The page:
Art of the interview: the vox pop is the unrecognised gem, as we can learn more about the world from the public than politicians, says Clare Fallon
The vox pop is a bit like the one-night stand of journalism: cheap and easy. Serving a purpose. Something shameful. “I do a lot of vox pops,” could be uttered from behind the screen in a confession booth.
Let’s be honest, I doubt there are many journalists who get into it because few have a burning desire to loiter rain-soaked on street corners, waiting for someone who looks not too mad, shy or busy.
Voxes are mercilessly mocked on TV panel shows and there’s sometimes a belittling sneer towards those being voxed and those of us doing the voxing – the ‘what do you think’ correspondents.
I cover the north of England and, according to the strange unwritten rules of TV news, that often means doing vox pops. This, according to one vox-hating columnist, amounts to “a form of journalism of that remains as inexplicably respectable as it is currently ubiquitous”.
So, let me run you through my credentials in this form of “inexplicably respectable journalism”.
There was Martin in Doncaster who used an antique military grenade to explain the impact of Brexit on the economy.
Although Martin and his grenades were on a market where the stalls make for pictures and the sellers and shoppers make for ‘voxees’, in general I try to avoid this scenario.
Most people aren’t at a marketplace on a mid-week afternoon – if that’s where vox pops are always done you don’t always get a diversity of perspectives.
The logistics of newsgathering during a pandemic are time-consuming, limiting and exhausting. Pre-Covid, editing was done in a modestly-sized van along with my Channel 4 News team colleagues – producer/general magician Rob Windscheffel and camera/editor/transformer of streets into art Alastair Thomson. For obvious reasons three people editing in a van hasn’t been an option since March.
Some days we’ve parked up in a row in a car park and used screen share on Zoom. Other days it’s been camp chairs and mosquito bites in a park. Keeping laptop batteries full and bladders not too full has been a challenge.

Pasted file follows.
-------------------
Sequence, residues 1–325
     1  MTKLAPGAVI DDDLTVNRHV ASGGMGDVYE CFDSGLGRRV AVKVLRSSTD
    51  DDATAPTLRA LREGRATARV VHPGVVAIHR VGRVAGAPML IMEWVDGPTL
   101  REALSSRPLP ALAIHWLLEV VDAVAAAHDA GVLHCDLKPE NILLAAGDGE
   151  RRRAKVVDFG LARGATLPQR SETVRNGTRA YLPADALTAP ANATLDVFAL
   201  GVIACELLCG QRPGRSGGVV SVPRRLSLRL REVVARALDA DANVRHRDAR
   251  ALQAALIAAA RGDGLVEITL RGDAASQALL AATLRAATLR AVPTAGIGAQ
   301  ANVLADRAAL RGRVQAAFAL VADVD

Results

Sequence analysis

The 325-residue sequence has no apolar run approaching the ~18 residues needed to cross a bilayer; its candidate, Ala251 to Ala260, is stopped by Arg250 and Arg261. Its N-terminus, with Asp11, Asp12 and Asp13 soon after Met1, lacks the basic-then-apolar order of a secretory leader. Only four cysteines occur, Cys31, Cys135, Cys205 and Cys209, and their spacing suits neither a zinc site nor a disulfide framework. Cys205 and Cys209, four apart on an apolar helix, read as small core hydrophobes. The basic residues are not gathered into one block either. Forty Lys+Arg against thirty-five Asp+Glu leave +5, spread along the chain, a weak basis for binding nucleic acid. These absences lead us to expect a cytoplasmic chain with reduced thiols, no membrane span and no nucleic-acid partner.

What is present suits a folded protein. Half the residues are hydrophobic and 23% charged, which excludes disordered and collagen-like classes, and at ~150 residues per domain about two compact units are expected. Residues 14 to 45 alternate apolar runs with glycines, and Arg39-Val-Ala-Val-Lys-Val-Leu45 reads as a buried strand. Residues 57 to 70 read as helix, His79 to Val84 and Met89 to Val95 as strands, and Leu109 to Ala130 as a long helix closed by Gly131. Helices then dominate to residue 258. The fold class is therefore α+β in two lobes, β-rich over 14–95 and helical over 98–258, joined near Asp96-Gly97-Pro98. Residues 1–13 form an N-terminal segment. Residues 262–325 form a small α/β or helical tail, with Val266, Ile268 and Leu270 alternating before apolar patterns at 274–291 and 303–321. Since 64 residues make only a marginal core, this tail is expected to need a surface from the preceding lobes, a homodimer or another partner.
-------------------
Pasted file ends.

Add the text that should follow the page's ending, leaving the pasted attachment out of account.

But occasionally the obligatory Covid boom pole has had additional uses – like when you want to vox someone several metres up.
In a typical vox pop, people are asked about their views on a news story or event, so the obvious first question is, ‘What do you think?’, ‘How do you feel?’ or, ‘Have you heard?’. That’s how you get moments like Brenda from Bristol’s horrified reaction when she was vox popped by the BBC’s Jon Kay about Theresa May’s decision to call a snap election in 2017.
But the most interesting bits often come a few minutes in because voxing isn’t just asking for opinions on things happening to other people in other places.
Vox pops will tell us more about this period than re-watching politicians behind podiums
While at a Covid testing centre at a time when demand outstripped supply, I met Shani, who was there to get a test with her son. I’d been chatting to her for a few minutes before her job came up.
It turned out Shani was a nurse at a nearby hospital. She spent hours trying to book a test so her son could go back to school and she could go back to work.
On the Saturday in March when we were on the cusp of lockdown, we went to Liverpool and had about 90 minutes to film a vox pop piece. Most still needed a tape measure to know what two metres is. Pubs had been told to close the night before and the ‘stay at home’ address to the nation was two nights later.
A couple of decades from now, I hope I remember to watch back the vox pop pieces from this year. I’m convinced they’ll tell us more about this period than re-watching politicians behind podiums – a like on the day tighter restrictions were imposed in Greater Manchester and I barely had to ask anything for the anger and frustration to pour out.
So, if we accept that vox pops aren’t actually all crap and meaningless, why do they have the perception problem?
A couple of weeks ago our head of home news, Emily Wilson, posted a tweet describing one of my pieces as brilliant reportage. It included a woman in Blackburn talking about Christmas and her fears of being lonely if we’re in lockdown: her, the telly and the cat.
People don’t normally describe what I do as ‘reportage’, so I was a bit taken aback.
Vox pops might sometimes make it onto panel shows or Gogglebox, but they don’t generally win shiny, prestigious awards. However, in 20 years asking questions on streets I’ve met many amazing people who’ve spared the time to give thoughtful answers about their lives and experiences. They’ve taught me more than I could hope to explain in a brief vox pop sound bite.
So when Dominic Cummings hollered at a bunch of journalists that they should ‘get out of London’, in some ways he was right. The thing is, there are plenty of journalists outside London. We just don’t tend to be on Number 10’s speed dial list.
Clare Fallon is north of England correspondent for Channel 4 News